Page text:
China’s summer of extreme heat and rainfall highlights threats of climate change
Since summer began, scenes of devastation and misery have been playing out across China as the world’s most populous nation grapples with an unrelenting torrent of extreme weather emergencies.
Scientists have been warning for years that the climate crisis would amplify extreme weather, making it deadlier and more frequent. Now, like much of the world, China is reeling from its impact.
In recent weeks, a total of 71 national weather stations across China have logged temperatures that smashed historical records. Four cities — three in the central province of Hebei and one in Yunnan in the southwest — saw temperatures reaching 44 degrees Celsius (111 Fahrenheit), according to the National Climate Center.
The stifling heat has coincided with a surge in Covid cases, making government mandated mass testing all the more excruciating for residents — including the elderly — who must wait in long lines under the sun. It has also become a dangerous task for health workers who, as part of the government’s ‘zero-Covid’ policy, are required to spend long hours outdoors covered head to toe in airtight PPE equipment as they administer the tests.
Several videos of Covid workers collapsing on the ground from heatstroke have gone viral on social media.
And the worst might be still to come, according to Yao Wenguang, a Ministry of Water Resources official overseeing flood and drought prevention.
Counting the costs
Between 1951 and 2020, China’s annual average surface temperature was rising at a pace of 0.26 degrees Celsius per decade, the report said. Sea levels around China’s coastlines rose faster than the global average from 1980 to 2020, according to the report.
The changing climate can make extreme weather events — such as summer floods, which China has grappled with for centuries — more frequent and intense, said Johnny Chan, an emeritus professor of atmospheric science at the City University of Hong Kong.
A warmer atmosphere can hold more water vapor, which can lead to heavier rainstorms, while global warming can alter atmospheric circulation, which can contribute to extreme weather such as heat waves, Chan said.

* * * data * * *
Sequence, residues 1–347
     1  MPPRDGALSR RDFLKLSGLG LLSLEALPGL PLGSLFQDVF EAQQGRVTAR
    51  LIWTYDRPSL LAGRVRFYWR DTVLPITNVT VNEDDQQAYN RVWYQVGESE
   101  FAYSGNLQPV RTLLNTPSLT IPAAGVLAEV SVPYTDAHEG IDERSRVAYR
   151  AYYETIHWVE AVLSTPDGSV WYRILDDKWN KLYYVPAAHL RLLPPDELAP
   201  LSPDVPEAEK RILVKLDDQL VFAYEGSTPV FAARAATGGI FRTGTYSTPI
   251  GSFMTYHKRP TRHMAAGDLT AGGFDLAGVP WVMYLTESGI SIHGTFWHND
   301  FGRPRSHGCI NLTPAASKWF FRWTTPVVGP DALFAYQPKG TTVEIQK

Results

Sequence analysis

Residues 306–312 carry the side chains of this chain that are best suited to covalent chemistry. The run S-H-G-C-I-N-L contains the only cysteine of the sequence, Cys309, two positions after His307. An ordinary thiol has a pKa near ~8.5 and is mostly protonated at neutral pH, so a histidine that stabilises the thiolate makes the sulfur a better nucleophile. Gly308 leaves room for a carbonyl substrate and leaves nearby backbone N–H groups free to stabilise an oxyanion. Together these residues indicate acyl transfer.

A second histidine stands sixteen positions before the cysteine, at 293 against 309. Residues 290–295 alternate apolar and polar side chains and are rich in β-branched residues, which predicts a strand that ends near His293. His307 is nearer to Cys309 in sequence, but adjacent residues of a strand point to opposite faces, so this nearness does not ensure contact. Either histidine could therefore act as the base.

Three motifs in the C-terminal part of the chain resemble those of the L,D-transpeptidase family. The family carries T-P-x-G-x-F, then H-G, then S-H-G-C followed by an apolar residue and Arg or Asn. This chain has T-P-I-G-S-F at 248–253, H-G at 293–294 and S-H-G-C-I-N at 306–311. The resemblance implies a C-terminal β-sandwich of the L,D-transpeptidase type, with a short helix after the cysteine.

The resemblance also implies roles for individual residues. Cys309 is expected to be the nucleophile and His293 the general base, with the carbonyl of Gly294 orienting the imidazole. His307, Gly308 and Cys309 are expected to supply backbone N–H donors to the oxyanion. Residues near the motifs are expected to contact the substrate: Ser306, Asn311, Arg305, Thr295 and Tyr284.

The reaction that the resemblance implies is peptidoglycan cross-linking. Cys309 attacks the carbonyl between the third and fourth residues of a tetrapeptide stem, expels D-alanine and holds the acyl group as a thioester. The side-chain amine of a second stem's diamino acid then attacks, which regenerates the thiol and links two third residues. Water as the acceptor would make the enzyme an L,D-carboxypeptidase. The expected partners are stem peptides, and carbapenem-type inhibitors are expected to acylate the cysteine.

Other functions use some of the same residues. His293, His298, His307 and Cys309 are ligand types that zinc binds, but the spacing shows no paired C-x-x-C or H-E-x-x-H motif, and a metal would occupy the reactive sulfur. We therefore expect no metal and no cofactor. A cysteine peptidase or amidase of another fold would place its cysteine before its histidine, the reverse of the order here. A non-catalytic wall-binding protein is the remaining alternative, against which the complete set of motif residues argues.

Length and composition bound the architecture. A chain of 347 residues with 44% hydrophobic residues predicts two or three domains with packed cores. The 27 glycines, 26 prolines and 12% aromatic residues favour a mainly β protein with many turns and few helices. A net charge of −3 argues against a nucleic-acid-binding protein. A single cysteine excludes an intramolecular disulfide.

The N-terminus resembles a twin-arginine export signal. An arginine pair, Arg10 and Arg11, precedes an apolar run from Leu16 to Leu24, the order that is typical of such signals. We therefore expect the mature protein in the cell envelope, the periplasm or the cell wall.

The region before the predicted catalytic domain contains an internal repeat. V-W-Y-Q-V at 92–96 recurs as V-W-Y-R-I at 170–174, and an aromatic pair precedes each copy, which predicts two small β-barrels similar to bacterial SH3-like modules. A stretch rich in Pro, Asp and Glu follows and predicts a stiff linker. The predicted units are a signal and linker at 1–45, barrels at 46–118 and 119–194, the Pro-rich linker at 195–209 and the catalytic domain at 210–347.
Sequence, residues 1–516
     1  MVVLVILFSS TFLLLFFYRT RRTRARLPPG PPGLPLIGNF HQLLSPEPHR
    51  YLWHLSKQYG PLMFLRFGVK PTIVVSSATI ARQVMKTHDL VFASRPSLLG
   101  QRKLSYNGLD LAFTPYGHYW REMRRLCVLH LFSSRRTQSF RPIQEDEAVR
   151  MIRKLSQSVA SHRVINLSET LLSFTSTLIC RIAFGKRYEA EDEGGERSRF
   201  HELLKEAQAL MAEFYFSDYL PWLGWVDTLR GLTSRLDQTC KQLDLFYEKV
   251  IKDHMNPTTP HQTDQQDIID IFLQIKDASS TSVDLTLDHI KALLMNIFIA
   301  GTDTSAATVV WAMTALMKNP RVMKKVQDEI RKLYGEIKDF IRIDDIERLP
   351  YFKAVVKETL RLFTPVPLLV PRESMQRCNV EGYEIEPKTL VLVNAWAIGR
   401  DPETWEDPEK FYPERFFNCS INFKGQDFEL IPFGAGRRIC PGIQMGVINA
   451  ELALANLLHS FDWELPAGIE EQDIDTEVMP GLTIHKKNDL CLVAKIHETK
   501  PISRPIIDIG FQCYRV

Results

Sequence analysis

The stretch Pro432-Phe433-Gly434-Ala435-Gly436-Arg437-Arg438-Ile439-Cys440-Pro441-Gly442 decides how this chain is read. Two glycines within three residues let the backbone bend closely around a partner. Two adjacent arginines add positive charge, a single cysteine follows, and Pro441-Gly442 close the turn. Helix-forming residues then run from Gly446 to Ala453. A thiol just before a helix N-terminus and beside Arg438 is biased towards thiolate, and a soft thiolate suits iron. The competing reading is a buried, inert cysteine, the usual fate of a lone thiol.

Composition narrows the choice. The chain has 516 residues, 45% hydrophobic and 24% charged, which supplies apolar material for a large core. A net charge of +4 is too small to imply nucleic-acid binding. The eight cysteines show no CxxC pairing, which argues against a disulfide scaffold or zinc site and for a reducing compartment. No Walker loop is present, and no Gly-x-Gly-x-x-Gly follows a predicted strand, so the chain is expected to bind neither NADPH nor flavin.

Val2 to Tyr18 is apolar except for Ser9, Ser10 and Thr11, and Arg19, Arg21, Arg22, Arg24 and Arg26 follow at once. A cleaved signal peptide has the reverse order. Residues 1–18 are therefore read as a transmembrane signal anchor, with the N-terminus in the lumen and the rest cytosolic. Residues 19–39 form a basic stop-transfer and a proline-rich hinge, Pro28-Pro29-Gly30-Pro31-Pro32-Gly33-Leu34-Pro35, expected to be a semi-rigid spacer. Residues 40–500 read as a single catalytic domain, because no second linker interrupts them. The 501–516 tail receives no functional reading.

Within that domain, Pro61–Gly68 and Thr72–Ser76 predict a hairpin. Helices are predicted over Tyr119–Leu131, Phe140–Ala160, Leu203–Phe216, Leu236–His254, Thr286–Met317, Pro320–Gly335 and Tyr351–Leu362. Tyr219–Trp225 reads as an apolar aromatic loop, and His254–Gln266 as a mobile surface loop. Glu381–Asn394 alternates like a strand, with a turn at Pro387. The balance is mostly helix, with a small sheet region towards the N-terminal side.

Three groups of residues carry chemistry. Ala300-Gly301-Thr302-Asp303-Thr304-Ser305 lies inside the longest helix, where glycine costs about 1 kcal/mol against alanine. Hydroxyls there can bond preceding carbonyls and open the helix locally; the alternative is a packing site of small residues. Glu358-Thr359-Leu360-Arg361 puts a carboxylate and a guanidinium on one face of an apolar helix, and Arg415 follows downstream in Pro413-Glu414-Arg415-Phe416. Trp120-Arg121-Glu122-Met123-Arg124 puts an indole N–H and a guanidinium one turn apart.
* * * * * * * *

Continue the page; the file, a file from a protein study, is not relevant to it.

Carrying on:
“We should be really concerned, because these extreme weather events actually affect the most underprivileged, disadvantaged and vulnerable parts of the population — those in the rural areas, or those who don’t have air conditioning or live in very crowded conditions,” Chan said.
For China, the sheer size of its population and economy means the scale of damage caused by extreme weather events is often massive.
Meanwhile, many Chinese are only just beginning to realize that climate change will affect them personally.
The Chinese government has promised to bring greenhouse gases to a peak before 2030 and to achieve carbon neutrality by 2060.
Liu Junyan, climate and energy project leader for Greenpeace East Asia, said the Zhengzhou flooding was a wake-up call for the Chinese government and public.
“The central government and local governments started to be aware that climate change is such a enormous threat to society and its sustainable development,” she said, adding that she has noticed more discussions about climate change and extreme weather in China’s traditional and social media.
Since last summer, many Chinese cities have improved their emergency response systems for extreme rainfall. In May, authorities in the southern metropolis of Guangzhou suspended schools, advised residents to work from home, closed construction sites and suspended public transportation in parts of the city following alerts for torrential rains.
“Climate change has already brought serious adverse impacts to China’s natural ecological system, and has continued to spread and penetrate into economy and society,” the government said in its national climate change adaptation strategy.
It vowed to make China a “climate-resilient society” by 2035, by building a nationwide system to monitor and assess climate risks, and by boosting early warning capabilities.
Liu said the policy document is a “very big and ambitious” piece of guidance for local governments, but it lacks details on implementation.
“The impact of climate change can be very localized and its threat to vulnerable communities can be very different from place to place,” she said. “Local governments still need to develop more detailed and tangible plans to implement this grand strategy.”